Once you get into things like water falls and hurricanes 4s moves more air to make those happen with out a struggle.

Im still trying to fly a full pack on ANY fixed wing. Ive had the most success and progress on the edge so far. (Quad brain has me gimped)
 
#12
Awesome. Love this forum! Last question, I may have been heavy on the glue in the back making it tail heavy. I put a 2200 3 cell in there and it’s just a little tail heavy. Would I be okay flying that battery instead of the smaller 1300 it calls for if I get it valences right? Also here it is in its glory! 2663333C-331E-4464-B32F-52CCA92F4DCB.jpeg
 

Headbang

Well-known member
#13
Awesome. Love this forum! Last question, I may have been heavy on the glue in the back making it tail heavy. I put a 2200 3 cell in there and it’s just a little tail heavy. Would I be okay flying that battery instead of the smaller 1300 it calls for if I get it valences right? Also here it is in its glory! View attachment 143577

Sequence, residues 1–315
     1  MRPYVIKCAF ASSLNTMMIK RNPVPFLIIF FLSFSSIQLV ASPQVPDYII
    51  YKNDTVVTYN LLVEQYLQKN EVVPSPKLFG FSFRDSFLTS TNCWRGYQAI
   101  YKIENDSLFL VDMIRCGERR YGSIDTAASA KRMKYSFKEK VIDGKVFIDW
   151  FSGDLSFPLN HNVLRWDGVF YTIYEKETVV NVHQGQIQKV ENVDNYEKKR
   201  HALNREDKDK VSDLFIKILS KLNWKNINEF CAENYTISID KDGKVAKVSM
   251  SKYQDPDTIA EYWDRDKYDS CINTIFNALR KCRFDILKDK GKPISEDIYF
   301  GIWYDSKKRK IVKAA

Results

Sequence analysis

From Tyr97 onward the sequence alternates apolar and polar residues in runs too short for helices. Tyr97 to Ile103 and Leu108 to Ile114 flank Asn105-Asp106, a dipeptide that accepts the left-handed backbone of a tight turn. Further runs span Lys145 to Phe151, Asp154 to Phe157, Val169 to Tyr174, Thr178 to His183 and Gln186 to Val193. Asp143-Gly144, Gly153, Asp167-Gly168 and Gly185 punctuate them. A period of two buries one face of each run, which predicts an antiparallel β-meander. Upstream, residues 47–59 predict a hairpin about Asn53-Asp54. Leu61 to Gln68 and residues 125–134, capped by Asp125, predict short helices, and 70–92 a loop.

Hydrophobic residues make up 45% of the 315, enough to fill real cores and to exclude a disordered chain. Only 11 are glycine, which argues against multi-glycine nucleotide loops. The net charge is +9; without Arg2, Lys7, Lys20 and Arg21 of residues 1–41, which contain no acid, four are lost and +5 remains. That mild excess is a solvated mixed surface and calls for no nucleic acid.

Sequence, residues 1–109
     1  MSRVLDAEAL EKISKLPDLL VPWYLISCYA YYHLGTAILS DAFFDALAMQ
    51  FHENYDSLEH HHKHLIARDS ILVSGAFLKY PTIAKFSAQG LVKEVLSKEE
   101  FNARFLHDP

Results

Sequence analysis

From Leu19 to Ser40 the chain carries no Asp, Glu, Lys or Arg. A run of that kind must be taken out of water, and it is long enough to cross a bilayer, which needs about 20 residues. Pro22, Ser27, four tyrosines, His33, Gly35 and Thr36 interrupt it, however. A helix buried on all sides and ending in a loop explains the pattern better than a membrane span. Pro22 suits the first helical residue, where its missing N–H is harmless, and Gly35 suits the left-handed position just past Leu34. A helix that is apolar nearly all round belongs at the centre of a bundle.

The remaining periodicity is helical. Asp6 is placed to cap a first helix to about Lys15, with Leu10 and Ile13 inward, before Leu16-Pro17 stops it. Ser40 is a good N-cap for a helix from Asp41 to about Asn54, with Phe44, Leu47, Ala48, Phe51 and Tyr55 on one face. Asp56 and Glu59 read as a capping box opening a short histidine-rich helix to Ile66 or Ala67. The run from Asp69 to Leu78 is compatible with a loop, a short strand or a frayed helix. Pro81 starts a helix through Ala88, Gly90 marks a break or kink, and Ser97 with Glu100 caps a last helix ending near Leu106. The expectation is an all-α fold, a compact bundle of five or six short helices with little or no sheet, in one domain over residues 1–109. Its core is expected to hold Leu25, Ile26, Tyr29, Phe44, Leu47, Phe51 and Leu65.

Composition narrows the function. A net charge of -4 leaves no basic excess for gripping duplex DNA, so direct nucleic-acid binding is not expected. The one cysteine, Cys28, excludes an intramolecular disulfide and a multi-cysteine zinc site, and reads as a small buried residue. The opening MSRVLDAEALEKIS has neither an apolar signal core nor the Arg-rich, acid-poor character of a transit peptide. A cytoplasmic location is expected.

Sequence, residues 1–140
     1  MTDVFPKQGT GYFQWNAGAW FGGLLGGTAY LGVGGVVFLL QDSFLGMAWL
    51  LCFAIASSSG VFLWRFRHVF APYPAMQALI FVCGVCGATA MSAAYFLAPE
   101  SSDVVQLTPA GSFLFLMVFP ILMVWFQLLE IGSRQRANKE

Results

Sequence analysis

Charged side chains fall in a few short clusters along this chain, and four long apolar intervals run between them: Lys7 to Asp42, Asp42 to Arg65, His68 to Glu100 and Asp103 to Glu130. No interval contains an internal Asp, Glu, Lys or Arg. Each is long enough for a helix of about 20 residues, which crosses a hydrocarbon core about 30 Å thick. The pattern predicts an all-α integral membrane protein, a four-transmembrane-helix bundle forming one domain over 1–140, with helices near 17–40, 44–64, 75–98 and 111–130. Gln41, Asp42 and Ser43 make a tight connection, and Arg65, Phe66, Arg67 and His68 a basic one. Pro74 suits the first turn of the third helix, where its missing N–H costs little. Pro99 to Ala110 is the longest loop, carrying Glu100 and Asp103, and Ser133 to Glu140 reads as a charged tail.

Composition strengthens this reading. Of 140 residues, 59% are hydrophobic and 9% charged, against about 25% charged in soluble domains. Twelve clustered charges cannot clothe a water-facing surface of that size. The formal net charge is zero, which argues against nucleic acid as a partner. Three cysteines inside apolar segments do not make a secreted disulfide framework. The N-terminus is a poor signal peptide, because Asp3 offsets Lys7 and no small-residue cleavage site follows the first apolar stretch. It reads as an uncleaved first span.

So depends on your flying skill as to balance. Extreme tail heavy makes easy hovering, very tail heavy (tuned to your style) makes all sorts of harriers, flat spins, pop tops, and knife edges easier, on balance makes for easier landings and easier smooth pattern flying. It is an edge, unlike many planes it still is very controllable and fun tail heavy. The 2200 3s is needed if using a 2215 or similar, give a solid 5 to 6mins flight. And it is easier to balance. As far as too much glue on the tail...... fill the tail with glue and show off hovering, granted that is about all the plane would do if you filled the tail with glue 😄
 

Bricks

Well-known member
#14
For your first few flight I would not fly it tail heavy use the 2200 and add some removeable weights until you see how it flies, and make your own adjustments for CG from there.